|Wireless notes||802.11b/g/n + Bluetooth|
|Remote control||Yes (via smartphone)|
|Battery description||LP-E12 lithium-ion battery & charger|
|Battery Life (CIPA)||305|
|Weight (inc. batteries)||387 g (0.85 lb / 13.65 oz)|
|Dimensions||116 x 88 x 59 mm (4.57 x 3.46 x 2.32″)|
Even while the modifications made to the EOS M50 Mark II might at first appear to be rather insignificant, the significant improvements made to the focusing system when taking stills or video in Full HD are: The focusing of this camera is particularly outstanding due to the fact that it is both incredibly quick and precise.
In the end, the M50 Mark II is simple to operate and produces JPEGs straight out of the camera that is vivid and has a pleasant contrast to them. Built-in Wi-Fi and Bluetooth will make it simple to transfer those vivid stills to your phone directly from the camera without the need for an intermediary device.
Even though it is a tiny camera, it is still quite comfortable to shoot with. It would be a fantastic choice for beginners who are searching for their first camera, or for professionals who are seeking for something lightweight to shoot with while they are spending time with family and friends.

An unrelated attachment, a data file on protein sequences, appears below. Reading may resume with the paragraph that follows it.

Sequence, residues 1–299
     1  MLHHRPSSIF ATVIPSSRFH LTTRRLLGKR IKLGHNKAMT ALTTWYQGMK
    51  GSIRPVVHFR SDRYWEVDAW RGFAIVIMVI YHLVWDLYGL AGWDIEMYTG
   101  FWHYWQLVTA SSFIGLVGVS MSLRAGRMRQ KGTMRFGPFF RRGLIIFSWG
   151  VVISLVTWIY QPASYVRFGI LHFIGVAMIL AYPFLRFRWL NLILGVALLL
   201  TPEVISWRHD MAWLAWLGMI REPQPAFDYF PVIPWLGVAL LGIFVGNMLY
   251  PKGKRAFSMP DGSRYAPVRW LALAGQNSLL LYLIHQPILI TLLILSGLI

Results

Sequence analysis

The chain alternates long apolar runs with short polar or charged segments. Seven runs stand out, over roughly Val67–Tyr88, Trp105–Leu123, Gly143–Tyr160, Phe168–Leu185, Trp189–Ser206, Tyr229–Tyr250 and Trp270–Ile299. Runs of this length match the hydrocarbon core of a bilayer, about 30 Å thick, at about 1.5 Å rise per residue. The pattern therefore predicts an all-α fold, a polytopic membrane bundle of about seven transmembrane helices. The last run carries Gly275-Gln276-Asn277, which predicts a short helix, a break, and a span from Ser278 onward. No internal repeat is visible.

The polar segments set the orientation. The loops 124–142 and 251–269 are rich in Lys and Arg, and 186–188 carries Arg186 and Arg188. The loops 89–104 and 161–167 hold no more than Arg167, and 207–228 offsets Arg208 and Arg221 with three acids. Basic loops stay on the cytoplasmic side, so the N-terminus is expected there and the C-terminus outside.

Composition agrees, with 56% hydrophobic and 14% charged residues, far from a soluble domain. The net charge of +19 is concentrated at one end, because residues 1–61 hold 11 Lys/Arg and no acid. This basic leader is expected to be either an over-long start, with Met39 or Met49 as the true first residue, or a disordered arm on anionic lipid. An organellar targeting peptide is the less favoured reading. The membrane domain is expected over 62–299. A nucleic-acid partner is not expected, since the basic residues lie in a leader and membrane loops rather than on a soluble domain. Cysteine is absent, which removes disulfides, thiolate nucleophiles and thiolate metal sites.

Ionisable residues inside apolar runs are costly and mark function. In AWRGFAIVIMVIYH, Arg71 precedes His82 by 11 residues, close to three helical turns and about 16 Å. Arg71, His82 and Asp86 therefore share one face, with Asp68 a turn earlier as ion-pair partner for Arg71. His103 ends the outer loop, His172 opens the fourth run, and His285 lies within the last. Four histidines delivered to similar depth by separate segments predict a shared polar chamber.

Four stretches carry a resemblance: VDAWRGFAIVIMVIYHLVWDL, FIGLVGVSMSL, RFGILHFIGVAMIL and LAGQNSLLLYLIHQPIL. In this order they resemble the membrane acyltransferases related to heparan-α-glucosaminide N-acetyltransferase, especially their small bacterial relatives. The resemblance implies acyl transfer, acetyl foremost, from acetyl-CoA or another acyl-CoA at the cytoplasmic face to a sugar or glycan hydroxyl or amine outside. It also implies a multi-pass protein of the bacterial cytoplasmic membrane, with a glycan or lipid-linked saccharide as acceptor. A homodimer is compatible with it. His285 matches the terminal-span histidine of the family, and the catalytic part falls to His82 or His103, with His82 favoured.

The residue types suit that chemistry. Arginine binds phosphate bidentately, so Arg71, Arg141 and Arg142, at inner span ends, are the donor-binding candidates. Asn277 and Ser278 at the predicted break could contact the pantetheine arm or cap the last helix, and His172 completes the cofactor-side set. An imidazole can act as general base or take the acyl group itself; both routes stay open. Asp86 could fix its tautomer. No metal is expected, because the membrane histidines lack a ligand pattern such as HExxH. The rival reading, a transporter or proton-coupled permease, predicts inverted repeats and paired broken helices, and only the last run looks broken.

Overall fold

The touchscreen is quick and simple to use, which makes up for the fact that some of the controls are on the small side and are packed closely together. The fact that the touchscreen capabilities may be used even while one’s sight is focused on the brilliant electronic viewfinder was another feature that impressed us.
Because of the 1.5x cut that occurs while recording in 4K at 24 frames per second, this is less beneficial for filmmakers and dedicated video bloggers. Even though the connector for the microphone is a good addition, we were hoping that Canon would also include a jack for headphones but they didn’t.
When capturing static images, the battery life is good, but once you start recording video, it depletes rather quickly. In the end, this camera shines as a tiny alternative for stills and quick video recording, particularly if the ability to record a 4K video isn’t as important to you as other video features.
Pros & Cons
- Allows for the use of microphones that are external
- Both still images and videos should have reliable face tracking and eye detection.
- JPEGs straight out of the camera that look great and raw files of a respectable quality
- Conveniently small while yet being easy to grip
- An electronic viewfinder that is useful for shooting throughout the day
- The clip is in soft 1080p.
There is no jack for headphones.
- A disappointing crop of 1.5 times applied to 4K footage
- Autofocus issues while filming in 4K resolution
- The electronic shutter that is completely silent and is only accessible in fully automated scene mode